A popular beauty spot, the Blue Lagoon may be partly filled – but at what cost for a small village?
It is both beautiful and dangerous.
Wildlife thrives there, but lives have been lost in its freezing depths.
The Blue Lagoon at Belmont, just north of Bolton, sits alongside spectacular moorland.
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It is well known to walkers and is a short distance from the popular Black Dog Pub on Church Street.
Also known as Ward’s Reservoir, work on its construction began in the early 1800s.
It was a source of hydraulic power for the Belmont bleaching and dyeing plants.
But its 200-year-old dam wall is no longer strong enough to withstand the force of a hut full of 150,000 cubic meters of water.
There is potentially a risk of violation.
The solution envisaged by its owners, however, is controversial.
Blue Lagoon Heritage Ltd, based in Bromsgrove, first took possession of the reservoir under a deal valued at £ 50,000 in September 2010. The company also owns surrounding land.
In order to keep the reservoir safe, they performed essential work including pumping concrete into the slipway to strengthen it to avoid a mini version of the Whaley Bridge reservoir emergency.
More than 1,500 people were evacuated from the city of Derbyshire in August 2019 when torrential rains raised fears the Toddbrook Reservoir dam wall would collapse, causing major flooding. The repairs will cost around £ 16million.
Another safety measure at the Blue Lagoon is that water levels are managed to keep them low with valves set to the maximum drain position. The levels were low this weekend.
North Turton Parish Council member Keith Harrison said: “To keep the tank as it is and safe and in order to meet safety standards under the Tanks Act 1975, approximately 1 million pounds sterling should be spent on improvements.
“It won’t happen. But the owner has two options – one is to deal with the dam failure, to let the lagoon drain and the land to return to nature.
“The second option, which he prefers, is to fill the lagoon basin with several thousand cubic meters of inert rubble.
“Visually you would have the same view but the depth of the reservoir would be considerably reduced. In its deepest parts it is currently around 25 meters.
“The rubble to backfill it would come from the quarries. It would cost the owner nothing because the quarries need an outlet for such material and they would deliver it for free.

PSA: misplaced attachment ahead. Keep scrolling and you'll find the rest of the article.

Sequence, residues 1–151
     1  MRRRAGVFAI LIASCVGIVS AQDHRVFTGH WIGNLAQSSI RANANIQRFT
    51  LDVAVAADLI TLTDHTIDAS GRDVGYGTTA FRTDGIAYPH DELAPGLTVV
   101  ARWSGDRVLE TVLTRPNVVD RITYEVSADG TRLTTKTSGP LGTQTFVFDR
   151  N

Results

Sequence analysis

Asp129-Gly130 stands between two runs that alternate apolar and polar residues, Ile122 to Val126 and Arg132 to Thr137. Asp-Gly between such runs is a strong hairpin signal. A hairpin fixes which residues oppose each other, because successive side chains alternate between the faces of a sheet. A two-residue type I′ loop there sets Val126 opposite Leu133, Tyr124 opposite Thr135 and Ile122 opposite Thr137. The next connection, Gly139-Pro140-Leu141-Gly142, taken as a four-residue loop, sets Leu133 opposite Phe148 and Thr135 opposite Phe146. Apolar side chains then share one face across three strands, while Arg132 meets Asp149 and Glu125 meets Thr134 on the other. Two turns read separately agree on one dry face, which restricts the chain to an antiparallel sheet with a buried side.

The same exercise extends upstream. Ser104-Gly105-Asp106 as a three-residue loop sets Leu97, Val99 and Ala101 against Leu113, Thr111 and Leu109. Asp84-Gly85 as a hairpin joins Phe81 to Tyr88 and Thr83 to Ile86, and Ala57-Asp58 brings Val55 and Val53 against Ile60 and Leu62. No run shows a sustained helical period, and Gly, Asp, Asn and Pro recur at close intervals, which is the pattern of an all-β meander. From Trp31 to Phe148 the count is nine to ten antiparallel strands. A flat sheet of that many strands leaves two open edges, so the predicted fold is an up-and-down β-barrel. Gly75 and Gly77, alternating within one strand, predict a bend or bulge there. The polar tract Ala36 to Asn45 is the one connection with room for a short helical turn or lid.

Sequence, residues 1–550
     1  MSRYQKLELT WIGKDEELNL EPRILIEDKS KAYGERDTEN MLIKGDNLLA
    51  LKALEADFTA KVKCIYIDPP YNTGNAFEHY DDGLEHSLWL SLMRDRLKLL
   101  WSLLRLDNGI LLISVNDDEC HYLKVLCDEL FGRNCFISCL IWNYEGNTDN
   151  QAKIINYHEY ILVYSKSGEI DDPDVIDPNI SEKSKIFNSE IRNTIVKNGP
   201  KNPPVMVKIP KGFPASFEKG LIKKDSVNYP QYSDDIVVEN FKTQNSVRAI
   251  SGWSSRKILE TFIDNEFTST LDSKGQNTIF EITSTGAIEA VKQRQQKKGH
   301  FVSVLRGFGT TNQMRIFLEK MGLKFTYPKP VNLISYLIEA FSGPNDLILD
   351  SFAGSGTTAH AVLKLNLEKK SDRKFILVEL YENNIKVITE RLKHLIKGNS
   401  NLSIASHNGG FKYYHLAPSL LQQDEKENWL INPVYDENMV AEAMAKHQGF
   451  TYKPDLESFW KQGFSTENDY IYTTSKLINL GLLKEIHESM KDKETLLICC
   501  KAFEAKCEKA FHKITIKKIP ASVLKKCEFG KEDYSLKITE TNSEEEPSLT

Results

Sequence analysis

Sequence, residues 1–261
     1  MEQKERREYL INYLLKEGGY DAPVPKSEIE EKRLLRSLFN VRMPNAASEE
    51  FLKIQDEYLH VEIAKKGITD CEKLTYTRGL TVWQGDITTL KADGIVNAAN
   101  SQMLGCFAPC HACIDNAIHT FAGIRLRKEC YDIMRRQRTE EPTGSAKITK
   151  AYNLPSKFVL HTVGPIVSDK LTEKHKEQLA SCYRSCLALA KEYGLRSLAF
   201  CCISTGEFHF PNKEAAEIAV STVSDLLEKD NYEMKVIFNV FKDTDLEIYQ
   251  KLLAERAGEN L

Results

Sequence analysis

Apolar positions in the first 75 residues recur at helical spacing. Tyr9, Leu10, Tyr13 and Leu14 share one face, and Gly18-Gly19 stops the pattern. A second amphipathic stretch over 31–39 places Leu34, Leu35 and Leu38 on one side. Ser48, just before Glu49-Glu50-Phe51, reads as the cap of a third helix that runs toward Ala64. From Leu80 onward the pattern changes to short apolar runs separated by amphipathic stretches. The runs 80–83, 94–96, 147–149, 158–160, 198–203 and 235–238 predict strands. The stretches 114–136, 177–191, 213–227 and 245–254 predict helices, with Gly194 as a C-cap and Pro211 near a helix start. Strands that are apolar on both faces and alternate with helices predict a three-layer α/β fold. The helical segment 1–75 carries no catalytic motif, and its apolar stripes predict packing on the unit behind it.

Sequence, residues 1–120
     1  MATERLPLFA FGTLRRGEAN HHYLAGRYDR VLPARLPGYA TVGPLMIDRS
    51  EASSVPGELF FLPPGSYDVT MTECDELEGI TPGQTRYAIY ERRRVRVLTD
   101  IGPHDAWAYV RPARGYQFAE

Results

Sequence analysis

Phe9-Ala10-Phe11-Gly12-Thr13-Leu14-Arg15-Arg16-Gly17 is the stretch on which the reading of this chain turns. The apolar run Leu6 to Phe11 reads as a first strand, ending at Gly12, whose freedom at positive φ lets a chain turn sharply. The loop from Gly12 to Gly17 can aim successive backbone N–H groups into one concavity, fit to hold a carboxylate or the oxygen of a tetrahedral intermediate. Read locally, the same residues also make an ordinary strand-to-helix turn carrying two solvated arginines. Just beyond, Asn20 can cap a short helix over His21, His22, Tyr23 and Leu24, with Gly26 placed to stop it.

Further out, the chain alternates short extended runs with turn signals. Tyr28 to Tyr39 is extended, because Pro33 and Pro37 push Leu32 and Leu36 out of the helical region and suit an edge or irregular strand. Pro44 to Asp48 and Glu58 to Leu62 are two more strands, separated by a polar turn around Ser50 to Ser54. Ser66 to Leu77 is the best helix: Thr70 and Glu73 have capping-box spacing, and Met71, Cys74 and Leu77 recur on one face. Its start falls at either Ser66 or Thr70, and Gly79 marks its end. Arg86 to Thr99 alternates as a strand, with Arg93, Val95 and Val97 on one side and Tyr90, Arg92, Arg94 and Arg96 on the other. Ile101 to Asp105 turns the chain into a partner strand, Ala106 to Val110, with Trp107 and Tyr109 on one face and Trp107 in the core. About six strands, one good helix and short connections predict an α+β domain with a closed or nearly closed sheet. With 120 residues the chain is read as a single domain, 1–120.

Councilor Harrison said it was estimated that ten thousand truckloads of quarry material would be needed.
“People are very agitated by the disruption of our quality of life. I fully understand that. The big story will be once the planning application is made in Blackburn with Darwen Council. traffic and major highways. “
An accommodation application should be filed within the next eight to ten weeks.
“People have suggested that the Chinook helicopters could bring the material, but I don’t see enough material available,” Councilor Harrison added.
“Our concern is what the end game is. The owner talks about turning it into a fishing lodge. It seems plausible as there has been a surge in interests like fishing, especially during the lockdown. am not a fisherman, but I do know that fish do not survive in a meter of water. “
In addition to having the Blue Lagoon, the owners have property and building interests and the local community is concerned that the site will be developed for the long term.
“In an ideal world, I would like the filling to be done and the reservoir to become a place of beauty again, but with no prospect of 10,000 heavy truck journeys through the village. But it seems like a utopian ideal that does not exist.
The lagoon is located in the West Pennine Moors, just inside Lancashire, and is a natural refuge for birds and other wildlife.
Previously, an urban planning request had been filed for a restaurant to be built on land overlooking it, but the authorization was refused.
The reservoir has been a fatal attraction for swimmers.
A brave passer-by dived to rescue a teenager who had had difficulty swimming in the water in June of this year.
In 2007, a father from Salford drowned after rescuing his son from the deep.
He was in an inflatable boat with his son when they fell into the water at a depth of 40 feet.
The father clung to the seven-year-old while shouting for help and three young men walking past jumped up. They swam 20 meters to the stranded pair and were able to grab the child and head for the bank. When they looked back there was no sign of her father.
The same year, a 17-year-old boy from Chorley also drowned there.
The Environment Agency should be consulted on any proposal to refill the reservoir.
Councilor Harrison said doing nothing was not an option.
He said: “The construction of the reservoir is 200 years old. It is too great a risk for the dam wall to have up to 150,000 tons of pressure against it when it is very full. Its construction started around 1803 and it was completed in the 1820s.
“You can’t expect the valve gear to be as efficient as it was when it was built. There are also trees and vegetation growing on the embankment.
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